Q. What is your favorite memory from tennis?
A. In my senior year, me and my doubles partner, Megan Nadler, were playing against Rhode Island College. We were always very good communicators, and when we were together we were probably stronger than we were in our individual signals play. It was our first year as an LEC team, and Rhode Island College is one of the better schools in the LEC, which is already very tough. We were playing against programs that were already established, and had top recruits from places like Russia. We fought hard the entire game, just going back-and-forth, and we were like “oh my god, we can do this, we can win,” and we ended up beating them, which was incredible. We were the only win on the day, and we struggled that whole season but that one win was one of the best things we’ve ever done. We still talk about it too, we’ll be like “hey, remember when we did that?” So that was probably one of my favorite tennis moments.
Q. So far, what has been the best part about coaching?
A. The best part is definitely getting to hang out with such a great group of girls. I love everyone on the team, they all bring something to the table that makes it such a unique environment, and being able to work with each of them as individuals and as players on my team has been so awesome. A lot of the girls decided on their own whim to join the team, none of them really got recruited, and watching their growth, even in such a short amount of time, I’ve been able to see a lot of growth through the drills we’ve chosen to do. When you’re a coach and you see that you were able to say something to make an impact on their ability and their play, that’s one of the best things a coach could ever get to experience.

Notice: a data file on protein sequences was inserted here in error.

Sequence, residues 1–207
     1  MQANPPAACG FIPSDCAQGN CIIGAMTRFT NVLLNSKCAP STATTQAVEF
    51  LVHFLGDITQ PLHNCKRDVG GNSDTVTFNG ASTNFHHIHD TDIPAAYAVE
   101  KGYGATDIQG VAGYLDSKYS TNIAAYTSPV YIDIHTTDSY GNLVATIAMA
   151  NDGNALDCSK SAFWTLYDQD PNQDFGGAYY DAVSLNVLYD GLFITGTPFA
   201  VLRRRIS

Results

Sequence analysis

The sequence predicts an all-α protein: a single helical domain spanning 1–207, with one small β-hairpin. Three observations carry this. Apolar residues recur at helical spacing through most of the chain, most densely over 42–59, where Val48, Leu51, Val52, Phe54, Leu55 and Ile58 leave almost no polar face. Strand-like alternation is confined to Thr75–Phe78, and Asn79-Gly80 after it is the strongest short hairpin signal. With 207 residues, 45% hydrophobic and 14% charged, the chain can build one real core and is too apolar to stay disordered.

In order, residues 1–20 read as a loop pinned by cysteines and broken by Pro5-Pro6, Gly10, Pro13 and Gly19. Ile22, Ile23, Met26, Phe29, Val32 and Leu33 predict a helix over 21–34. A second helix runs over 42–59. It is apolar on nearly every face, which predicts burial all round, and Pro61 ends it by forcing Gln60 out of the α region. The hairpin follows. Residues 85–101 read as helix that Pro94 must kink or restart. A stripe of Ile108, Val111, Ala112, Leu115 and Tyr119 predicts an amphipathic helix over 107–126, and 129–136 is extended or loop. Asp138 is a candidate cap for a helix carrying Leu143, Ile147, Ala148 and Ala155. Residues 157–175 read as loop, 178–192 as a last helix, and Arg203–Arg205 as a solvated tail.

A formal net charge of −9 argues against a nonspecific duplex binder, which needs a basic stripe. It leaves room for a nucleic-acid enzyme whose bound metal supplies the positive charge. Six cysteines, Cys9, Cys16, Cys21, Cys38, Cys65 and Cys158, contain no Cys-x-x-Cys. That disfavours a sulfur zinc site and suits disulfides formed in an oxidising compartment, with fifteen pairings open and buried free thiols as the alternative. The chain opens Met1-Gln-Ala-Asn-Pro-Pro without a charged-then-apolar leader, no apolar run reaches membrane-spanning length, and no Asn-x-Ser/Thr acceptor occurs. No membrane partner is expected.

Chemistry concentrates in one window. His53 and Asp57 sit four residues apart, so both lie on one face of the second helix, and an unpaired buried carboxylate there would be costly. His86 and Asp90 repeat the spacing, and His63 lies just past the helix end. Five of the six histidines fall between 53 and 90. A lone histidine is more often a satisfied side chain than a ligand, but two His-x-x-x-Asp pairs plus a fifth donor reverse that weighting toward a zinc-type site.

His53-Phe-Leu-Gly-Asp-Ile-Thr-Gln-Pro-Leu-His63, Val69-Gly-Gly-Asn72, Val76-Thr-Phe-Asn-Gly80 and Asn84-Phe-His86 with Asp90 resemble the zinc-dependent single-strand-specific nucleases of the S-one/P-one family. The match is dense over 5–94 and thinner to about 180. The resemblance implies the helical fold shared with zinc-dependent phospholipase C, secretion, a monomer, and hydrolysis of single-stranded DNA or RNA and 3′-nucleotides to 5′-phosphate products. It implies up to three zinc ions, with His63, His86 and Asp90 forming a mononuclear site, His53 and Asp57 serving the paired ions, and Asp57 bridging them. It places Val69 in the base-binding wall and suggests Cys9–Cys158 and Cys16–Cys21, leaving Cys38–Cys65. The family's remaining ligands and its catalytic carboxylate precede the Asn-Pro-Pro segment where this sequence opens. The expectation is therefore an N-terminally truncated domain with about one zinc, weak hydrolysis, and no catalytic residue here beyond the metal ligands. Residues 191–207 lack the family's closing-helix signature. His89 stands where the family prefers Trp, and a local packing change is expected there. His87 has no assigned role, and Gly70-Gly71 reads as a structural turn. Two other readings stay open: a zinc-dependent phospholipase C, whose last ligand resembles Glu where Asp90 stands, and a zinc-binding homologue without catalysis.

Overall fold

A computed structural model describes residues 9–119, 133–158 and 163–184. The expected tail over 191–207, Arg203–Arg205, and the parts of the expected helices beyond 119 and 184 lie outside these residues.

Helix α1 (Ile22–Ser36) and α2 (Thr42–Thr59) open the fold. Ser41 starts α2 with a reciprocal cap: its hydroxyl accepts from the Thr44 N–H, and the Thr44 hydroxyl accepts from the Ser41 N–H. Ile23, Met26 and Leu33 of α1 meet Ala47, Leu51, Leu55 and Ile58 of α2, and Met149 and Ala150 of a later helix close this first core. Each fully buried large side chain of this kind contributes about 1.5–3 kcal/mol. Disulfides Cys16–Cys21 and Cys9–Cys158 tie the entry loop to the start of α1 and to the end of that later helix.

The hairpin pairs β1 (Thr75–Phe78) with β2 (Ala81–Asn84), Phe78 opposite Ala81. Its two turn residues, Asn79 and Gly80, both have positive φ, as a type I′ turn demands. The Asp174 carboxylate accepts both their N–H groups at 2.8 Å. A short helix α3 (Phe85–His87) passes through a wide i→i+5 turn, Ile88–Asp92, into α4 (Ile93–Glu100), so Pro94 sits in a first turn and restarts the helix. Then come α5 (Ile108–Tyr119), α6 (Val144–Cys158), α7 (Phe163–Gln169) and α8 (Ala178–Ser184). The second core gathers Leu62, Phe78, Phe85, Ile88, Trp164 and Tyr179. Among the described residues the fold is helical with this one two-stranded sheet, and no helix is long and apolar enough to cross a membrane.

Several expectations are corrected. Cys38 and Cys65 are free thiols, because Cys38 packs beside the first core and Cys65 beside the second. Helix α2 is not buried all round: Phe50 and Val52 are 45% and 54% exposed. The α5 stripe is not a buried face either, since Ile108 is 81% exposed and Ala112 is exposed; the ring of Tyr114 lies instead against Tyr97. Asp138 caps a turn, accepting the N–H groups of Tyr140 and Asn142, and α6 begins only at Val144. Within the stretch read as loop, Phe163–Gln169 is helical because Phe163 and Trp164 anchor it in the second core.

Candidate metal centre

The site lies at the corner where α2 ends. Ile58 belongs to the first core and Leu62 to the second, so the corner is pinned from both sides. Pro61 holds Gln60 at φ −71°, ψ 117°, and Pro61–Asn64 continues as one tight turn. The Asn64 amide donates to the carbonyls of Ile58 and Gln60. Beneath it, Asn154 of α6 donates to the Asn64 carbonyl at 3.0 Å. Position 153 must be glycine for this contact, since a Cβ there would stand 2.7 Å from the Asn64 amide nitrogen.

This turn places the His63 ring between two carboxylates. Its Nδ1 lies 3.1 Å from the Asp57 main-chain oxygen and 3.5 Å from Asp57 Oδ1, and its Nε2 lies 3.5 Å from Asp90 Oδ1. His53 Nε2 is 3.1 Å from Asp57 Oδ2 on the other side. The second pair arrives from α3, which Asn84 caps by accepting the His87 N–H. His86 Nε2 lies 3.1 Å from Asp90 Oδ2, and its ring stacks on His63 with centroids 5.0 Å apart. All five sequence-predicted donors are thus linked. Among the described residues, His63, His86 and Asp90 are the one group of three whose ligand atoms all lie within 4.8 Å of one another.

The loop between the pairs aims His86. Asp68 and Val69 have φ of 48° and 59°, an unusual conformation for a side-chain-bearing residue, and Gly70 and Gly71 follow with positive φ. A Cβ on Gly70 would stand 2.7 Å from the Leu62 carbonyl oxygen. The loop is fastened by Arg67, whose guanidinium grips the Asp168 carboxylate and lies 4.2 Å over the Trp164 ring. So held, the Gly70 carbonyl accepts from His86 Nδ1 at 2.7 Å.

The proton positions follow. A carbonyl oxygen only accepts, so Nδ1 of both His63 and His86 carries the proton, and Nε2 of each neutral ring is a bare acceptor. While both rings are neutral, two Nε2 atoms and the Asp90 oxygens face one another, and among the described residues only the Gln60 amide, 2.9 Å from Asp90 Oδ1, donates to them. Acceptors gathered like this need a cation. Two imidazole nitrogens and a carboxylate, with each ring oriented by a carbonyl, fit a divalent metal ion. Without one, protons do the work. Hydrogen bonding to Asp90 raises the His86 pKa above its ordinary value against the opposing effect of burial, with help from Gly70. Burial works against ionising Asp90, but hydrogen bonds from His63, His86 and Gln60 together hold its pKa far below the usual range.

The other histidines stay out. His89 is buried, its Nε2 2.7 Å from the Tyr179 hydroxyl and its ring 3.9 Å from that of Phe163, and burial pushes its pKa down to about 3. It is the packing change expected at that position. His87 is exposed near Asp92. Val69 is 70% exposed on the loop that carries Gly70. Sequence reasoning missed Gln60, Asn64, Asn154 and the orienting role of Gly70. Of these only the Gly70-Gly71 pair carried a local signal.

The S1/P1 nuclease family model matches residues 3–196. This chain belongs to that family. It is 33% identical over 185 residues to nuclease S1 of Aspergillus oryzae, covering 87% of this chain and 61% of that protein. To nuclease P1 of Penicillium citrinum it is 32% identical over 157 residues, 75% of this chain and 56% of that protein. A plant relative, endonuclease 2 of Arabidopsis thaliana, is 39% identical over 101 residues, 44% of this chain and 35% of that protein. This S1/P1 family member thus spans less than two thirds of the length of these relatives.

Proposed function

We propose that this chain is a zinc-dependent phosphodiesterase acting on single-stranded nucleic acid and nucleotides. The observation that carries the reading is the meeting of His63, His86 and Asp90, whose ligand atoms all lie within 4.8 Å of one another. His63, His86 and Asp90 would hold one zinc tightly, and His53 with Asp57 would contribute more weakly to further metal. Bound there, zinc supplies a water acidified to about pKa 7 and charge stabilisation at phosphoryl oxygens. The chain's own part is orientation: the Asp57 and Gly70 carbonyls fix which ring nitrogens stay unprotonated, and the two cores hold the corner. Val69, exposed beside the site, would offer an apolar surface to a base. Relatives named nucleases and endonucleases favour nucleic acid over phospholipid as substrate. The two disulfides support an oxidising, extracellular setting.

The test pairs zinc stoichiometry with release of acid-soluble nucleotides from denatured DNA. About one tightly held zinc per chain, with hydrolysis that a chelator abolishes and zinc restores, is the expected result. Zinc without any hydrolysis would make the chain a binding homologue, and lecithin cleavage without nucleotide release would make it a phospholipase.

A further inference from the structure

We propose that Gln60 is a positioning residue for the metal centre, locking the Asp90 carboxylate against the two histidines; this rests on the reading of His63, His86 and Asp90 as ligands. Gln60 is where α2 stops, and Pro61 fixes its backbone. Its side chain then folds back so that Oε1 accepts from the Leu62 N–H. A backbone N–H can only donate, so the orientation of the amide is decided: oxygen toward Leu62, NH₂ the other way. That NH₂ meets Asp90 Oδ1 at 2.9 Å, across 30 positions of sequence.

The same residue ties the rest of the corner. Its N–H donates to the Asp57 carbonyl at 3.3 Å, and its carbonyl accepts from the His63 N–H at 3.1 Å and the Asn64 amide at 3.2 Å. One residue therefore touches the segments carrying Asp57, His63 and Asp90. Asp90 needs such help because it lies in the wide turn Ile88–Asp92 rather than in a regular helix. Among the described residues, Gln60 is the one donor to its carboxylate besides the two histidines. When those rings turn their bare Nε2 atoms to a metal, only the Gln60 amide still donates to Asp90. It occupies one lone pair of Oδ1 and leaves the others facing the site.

Q. What has been the hardest part of coaching?
A. One of the hardest parts is that LEC play is really competitive for tennis. A lot of the teams we play are very established, they have full-time coaches that have been there for a while, they recruit hard, and they get a lot of good tennis players. We have a lot of tough competition, so being in the LEC, and trying to build our name and build our program and take on these teams. We’ve had to change our mentality and we know that we can win, we should win, and we have the skill to win. But it’s definitely been difficult, and I know it’s difficult for the girls, but they battle hard everyday and I respect them for that everyday.